| Kofi Annan
Washington, Dec. 5: The son of Kofi Annan, the UN secretary-general, lobbied for business contacts at gatherings of UN officials on behalf of a company in the same year as it won an oil-for-food programme deal, it has emerged.
The second disclosure in a week about Kojo Annan's role with the Swiss company Cotecna Inspection Services, which secured the $4.8-million UN contract to monitor goods entering and leaving Iraq in 1998, has raised embarrassing questions for his father.
The details were revealed in Cotecna company documents handed over under subpoena to US congressional scrutineers who are investigating the oil-for-food scandal in which Saddam Hussein is thought to have creamed off more than $20 billion.
In one billing memo, a US investigator told The Daily Telegraph that Kojo Annan, 29, claimed fees and expenses for eight days' work in July 1998, including six days in Abuja 'during my father's visit to Nigeria'. On another, he claimed expenses and $500 a day for a 15-day trip to New York and the UN General Assembly in September 1998 for meetings on 'special projects'.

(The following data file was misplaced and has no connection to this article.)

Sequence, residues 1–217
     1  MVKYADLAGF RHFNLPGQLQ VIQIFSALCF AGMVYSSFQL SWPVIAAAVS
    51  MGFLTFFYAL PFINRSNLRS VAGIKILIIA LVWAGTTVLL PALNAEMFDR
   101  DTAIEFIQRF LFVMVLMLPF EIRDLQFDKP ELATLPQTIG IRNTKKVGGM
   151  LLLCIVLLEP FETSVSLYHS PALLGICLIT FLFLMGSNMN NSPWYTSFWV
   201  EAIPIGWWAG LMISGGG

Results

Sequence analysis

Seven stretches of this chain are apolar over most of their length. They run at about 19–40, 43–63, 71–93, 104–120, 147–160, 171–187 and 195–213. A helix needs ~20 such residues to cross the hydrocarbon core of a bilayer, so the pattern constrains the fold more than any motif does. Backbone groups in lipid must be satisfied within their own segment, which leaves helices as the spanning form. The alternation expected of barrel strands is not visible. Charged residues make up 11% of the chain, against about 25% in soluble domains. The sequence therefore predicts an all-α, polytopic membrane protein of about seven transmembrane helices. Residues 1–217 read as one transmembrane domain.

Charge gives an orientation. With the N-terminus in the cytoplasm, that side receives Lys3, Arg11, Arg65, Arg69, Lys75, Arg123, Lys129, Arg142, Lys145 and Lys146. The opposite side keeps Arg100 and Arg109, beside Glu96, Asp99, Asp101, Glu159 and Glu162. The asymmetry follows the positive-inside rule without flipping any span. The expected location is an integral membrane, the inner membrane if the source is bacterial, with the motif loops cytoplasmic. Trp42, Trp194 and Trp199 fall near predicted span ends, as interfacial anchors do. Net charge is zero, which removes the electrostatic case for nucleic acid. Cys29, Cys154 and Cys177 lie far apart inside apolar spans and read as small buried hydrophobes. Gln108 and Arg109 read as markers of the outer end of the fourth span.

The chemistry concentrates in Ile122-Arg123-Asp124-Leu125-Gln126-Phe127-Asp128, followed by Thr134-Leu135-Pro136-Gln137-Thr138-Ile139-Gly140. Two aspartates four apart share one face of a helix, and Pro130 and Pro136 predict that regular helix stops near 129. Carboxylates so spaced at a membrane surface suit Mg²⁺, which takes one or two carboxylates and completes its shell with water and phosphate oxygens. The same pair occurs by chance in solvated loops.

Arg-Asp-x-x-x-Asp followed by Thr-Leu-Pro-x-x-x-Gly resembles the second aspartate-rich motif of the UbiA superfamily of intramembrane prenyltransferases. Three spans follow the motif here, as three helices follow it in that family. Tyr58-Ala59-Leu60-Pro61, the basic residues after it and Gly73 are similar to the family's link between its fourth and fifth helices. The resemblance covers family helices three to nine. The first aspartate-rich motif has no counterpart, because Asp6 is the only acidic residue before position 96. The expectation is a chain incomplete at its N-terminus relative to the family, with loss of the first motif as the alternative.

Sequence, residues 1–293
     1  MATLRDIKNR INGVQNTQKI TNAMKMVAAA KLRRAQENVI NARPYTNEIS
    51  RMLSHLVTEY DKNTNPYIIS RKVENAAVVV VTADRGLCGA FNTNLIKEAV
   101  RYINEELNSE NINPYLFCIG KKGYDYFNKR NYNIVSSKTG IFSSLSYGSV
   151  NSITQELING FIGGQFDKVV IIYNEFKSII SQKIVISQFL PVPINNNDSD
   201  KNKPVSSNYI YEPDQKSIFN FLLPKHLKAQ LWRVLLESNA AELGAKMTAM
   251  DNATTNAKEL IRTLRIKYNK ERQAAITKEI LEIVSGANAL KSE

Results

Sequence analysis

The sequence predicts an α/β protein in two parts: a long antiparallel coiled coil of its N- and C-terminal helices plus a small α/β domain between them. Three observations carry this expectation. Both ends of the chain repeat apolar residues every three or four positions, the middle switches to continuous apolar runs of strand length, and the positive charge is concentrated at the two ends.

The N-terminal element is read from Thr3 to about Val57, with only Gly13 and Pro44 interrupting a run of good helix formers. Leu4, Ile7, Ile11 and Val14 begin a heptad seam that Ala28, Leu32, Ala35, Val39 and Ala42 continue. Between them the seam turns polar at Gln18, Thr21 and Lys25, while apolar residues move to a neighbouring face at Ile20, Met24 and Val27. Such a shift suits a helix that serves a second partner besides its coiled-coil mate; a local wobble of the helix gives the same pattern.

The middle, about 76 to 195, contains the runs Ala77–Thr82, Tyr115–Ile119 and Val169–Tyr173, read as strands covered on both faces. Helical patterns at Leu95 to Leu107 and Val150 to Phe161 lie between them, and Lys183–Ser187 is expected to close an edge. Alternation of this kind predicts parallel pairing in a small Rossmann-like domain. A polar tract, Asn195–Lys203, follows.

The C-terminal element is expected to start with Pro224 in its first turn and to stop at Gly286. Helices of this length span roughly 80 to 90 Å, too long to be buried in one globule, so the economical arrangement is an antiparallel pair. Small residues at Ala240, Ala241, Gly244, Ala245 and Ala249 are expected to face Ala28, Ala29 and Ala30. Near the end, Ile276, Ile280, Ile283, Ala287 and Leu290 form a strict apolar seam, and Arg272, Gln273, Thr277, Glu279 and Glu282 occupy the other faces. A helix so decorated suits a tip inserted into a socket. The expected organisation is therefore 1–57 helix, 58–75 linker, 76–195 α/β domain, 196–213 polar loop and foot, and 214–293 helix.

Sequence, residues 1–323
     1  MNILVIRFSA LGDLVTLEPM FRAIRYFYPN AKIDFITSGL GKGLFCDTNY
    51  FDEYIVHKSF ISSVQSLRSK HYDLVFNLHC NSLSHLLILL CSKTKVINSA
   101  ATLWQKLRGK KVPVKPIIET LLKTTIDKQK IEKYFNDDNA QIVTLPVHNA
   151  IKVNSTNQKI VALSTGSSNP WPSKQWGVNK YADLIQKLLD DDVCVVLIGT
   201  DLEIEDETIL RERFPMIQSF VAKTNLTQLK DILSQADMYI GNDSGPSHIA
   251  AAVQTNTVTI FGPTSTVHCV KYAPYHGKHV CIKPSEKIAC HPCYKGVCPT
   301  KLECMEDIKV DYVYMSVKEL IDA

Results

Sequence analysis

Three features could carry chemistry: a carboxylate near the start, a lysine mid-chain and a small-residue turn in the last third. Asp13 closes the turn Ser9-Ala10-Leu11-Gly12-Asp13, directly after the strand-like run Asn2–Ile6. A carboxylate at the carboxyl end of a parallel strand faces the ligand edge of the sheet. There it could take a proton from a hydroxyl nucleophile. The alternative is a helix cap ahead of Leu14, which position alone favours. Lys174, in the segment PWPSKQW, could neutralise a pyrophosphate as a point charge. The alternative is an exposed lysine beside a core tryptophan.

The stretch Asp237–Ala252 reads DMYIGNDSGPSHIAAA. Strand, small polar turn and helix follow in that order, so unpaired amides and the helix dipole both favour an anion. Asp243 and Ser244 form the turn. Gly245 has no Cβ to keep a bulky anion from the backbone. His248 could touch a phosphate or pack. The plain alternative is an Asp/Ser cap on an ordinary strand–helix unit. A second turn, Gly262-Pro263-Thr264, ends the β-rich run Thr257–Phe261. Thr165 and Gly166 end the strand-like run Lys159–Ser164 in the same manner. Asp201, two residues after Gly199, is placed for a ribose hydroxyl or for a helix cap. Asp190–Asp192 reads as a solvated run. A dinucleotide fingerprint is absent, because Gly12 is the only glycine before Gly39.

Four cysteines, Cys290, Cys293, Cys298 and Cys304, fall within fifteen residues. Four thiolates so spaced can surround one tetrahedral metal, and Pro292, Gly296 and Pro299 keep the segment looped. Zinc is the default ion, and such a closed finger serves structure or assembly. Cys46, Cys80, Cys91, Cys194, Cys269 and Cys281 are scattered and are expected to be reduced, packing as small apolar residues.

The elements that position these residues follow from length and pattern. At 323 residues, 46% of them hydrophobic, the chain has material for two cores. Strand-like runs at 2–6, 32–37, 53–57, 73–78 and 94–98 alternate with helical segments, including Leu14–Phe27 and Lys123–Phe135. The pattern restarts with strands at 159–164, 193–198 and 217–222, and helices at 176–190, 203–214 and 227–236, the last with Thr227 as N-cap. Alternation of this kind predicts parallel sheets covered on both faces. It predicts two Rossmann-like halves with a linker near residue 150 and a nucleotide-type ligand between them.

Kojo was working as a consultant on African business deals for Cotecna at the time.
The company, the UN and Kojo have repeatedly stressed that he had no involvement in securing the oil-for-food contract that was awarded in December 1998.
However, the revelations were awkward for his father, who only two days earlier said: 'He is an independent businessman. He is a grown man and I don't get involved with his activities ' and he doesn't get involved in mine.'
The secretary-general made those comments in response to news a week ago that his son had received payments from Cotecna until February..
Annan's office previously said that his son had cut his ties to Cotecna in 1998, but confirmed last week that he had received 'non-compete fees' of about $2,300 a month for more than four years afterwards.
Cotecna said the monies were paid to the younger Annan as part of a deal stipulating that he would not take his expertise in African business to a rival outfit.
Asked about these payments, Annan senior said: 'Naturally, I was very disappointed and surprised.'
He added that he had not known the payments had continued for so long.
Kojo Annan lives in Lagos, Nigeria, but friends there said last week that he was not at home.
Simon Smith, his British lawyer, insisted that all payments his client received from Cotecna were 'entirely proper' and 'none of them have anything whatsoever to do with the UN oil-for-food programme'.
Cotecna has confirmed that Kojo attended the meetings detailed in the memos but said that these were 'for purposes of Cotecna business marketing in Africa'.
The company expressed confidence that the investigations will find its actions 'were ethical, lawful and professional'.
There is growing pressure from Republicans in Washington for a change of leadership at the UN, with one leading senator who is investigating the oil-for-food calling for Kofi Annan to resign.